Sunday, December 26, 2010

Half Empty

Having discovered that the Ambassador declared me a pessimist at a recent FAST* meeting, I've been trying not to brood on it. Because that would just prove his case, right? I mean, you don't think I'm a pessimist, do you, loving family?

"Um, Katie, did you see my birthday present for you?" Cue the presentation of David Rakoff's Half Empty. My eyes narrow. "Have you been talking to the Ambo?" Karyn thumbs through a few chapters. "You are kind of a pessimist -- but this book says that it's not so bad." I find this of little comfort.

I really don't like blindly upbeat people. I freely admit this. They tend to have a sort of ridiculous shininess about them that rubs me as insincere. They're the ones I picture with secret cutting addictions, drinking airplane cabin handouts of gin in a dark closet, desperate to hide their bulimia from their unsuspecting cats. I, on the other hand, feel I'm practical about life: a realist. Things aren't always rosy, but you deal with them and work to make them better. Maybe I would be more upbeat if I had a coke habit to cover up or something.

It is suddenly very important that my youngest sister appreciate this world view.

"Pessimism is only bad if you let it get the better of you, yeah? I mean, it's a planning tool. You have to constantly work to keep the worst case scenario from happening; things don't naturally turn out well." Optimism is merely reflective of a lack of imagination -- or an abdication of responsibility. Or brain trauma. One of those three.

She purses her lips in a funny Karyn way and nods. "I'll give you the book just as soon as I'm done with it."

*'First And Second Tour' officers. Every time you think you've escaped the grip of junior-hood ("Look, I'm tenured now!"), State broadens the definition.

Tuesday, December 07, 2010


I have often stopped myself from writing things on my blog because I was uncertain of the potential impact. That's been true from the beginning of my foreign service career, but more true since I've been stationed here. It's one thing to talk about funny visa stories; how can I talk about human rights issues in my host country? How can I talk about Jordanian politics? Or our policy approach to the region? It's frustrating, because they are things I WANT people to discuss -- things people SHOULD discuss. I tell myself that I'm protecting other people by being quiet. In truthful moments, I worry that I am mainly just protecting myself.

With all that in mind, it's been hard to watch the wikileaks story. On the surface of it, what officer hasn't wanted to run screaming down a hallway with a cable in hand demanding that people consider an issue she or he thinks is being overlooked or lightly treated? I'm sure there are no small number of people secretly wishing that their cables DO get a mention -- that finally that particular issue they had championed and worked on and cried over would be exposed and people would take action. It's a hopeful viewpoint -- or maybe a frustrated viewpoint. We want our work to bring about change. Not later, not gradually, not patiently, but now.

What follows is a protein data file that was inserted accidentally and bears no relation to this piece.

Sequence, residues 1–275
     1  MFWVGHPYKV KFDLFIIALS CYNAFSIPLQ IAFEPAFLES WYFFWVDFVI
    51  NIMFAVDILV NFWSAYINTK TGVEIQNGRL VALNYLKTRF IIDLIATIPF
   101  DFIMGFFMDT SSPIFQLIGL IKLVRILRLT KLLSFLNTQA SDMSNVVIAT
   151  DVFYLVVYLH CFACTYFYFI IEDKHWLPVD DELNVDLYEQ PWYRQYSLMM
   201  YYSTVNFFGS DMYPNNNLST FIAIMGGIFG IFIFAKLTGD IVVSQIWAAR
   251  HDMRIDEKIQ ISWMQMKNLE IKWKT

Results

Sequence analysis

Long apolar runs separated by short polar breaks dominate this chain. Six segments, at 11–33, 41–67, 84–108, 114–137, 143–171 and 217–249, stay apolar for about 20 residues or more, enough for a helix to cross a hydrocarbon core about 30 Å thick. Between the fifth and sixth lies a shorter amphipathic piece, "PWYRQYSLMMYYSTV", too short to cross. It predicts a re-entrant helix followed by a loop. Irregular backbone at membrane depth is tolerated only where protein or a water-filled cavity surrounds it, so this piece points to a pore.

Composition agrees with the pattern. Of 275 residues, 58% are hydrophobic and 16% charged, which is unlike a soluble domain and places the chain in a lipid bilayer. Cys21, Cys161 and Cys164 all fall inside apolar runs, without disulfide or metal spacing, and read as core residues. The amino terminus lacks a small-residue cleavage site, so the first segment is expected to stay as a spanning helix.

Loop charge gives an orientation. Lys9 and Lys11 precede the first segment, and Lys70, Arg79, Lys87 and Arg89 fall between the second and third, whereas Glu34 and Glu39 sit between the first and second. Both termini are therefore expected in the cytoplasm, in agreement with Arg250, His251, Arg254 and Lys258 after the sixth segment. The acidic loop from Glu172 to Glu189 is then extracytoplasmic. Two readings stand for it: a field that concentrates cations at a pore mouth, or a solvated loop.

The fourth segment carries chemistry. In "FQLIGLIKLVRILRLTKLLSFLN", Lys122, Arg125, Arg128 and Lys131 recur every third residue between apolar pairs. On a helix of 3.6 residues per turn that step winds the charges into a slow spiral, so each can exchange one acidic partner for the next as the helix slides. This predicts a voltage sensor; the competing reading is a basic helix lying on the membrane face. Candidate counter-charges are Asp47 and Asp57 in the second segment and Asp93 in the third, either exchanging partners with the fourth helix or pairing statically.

But the rest of the world is not America or Australia or Britain or Canada, or any other country whose inhabitants are calling out about wikileaks having a right to information. Civil liberties, legal protections, the right to defend yourself and your actions: these don't exist in so many places. So many places that you wouldn't guess. So many places that you might take a nice vacation to and look around and think "this seems like a pleasant enough country" and never give another thought to what's beneath the surface. Places where, to mention certain things, you have to do it in private. Where information is not a tool, but rather a weapon to be turned against people.

It is heart-wrenching to hear wikileaks demand to know who they have put in danger, and it's astounding to me that they can't get past the thrill of 'embarrassing' the United States to see that what they are doing is dangerous -- and that they will never hear about the people who are punished for it. The person who is whisked away in the night for "questioning" won't be mentioned online or in the papers... and now, might not even be mentioned in cables meant to inform our government and help stop abuses. Are all the Western observers so gleeful about the U.S. being compromised going to take action to fix the issues wikileaks exposes? Are they even in a position to do so? No. No, they are not. Diplomats are. Or we were. Maybe less so, now.

I feel sick every time I see someone call wikileaks a "whistle-blowing" website. This is not whistle-blowing. It's just voyeurism. At best, I thought it might lead to the sort of informed discussion on the issues that cable writers so fervently dream of inspiring. It seems that people just aren't interested. More fun to poke at the American straw man you've constructed than to to think critically about the ramification of things.

And for the record, wikileaks isn't embarrassing the United States. None of us are embarrassed about doing our job.

Wednesday, December 01, 2010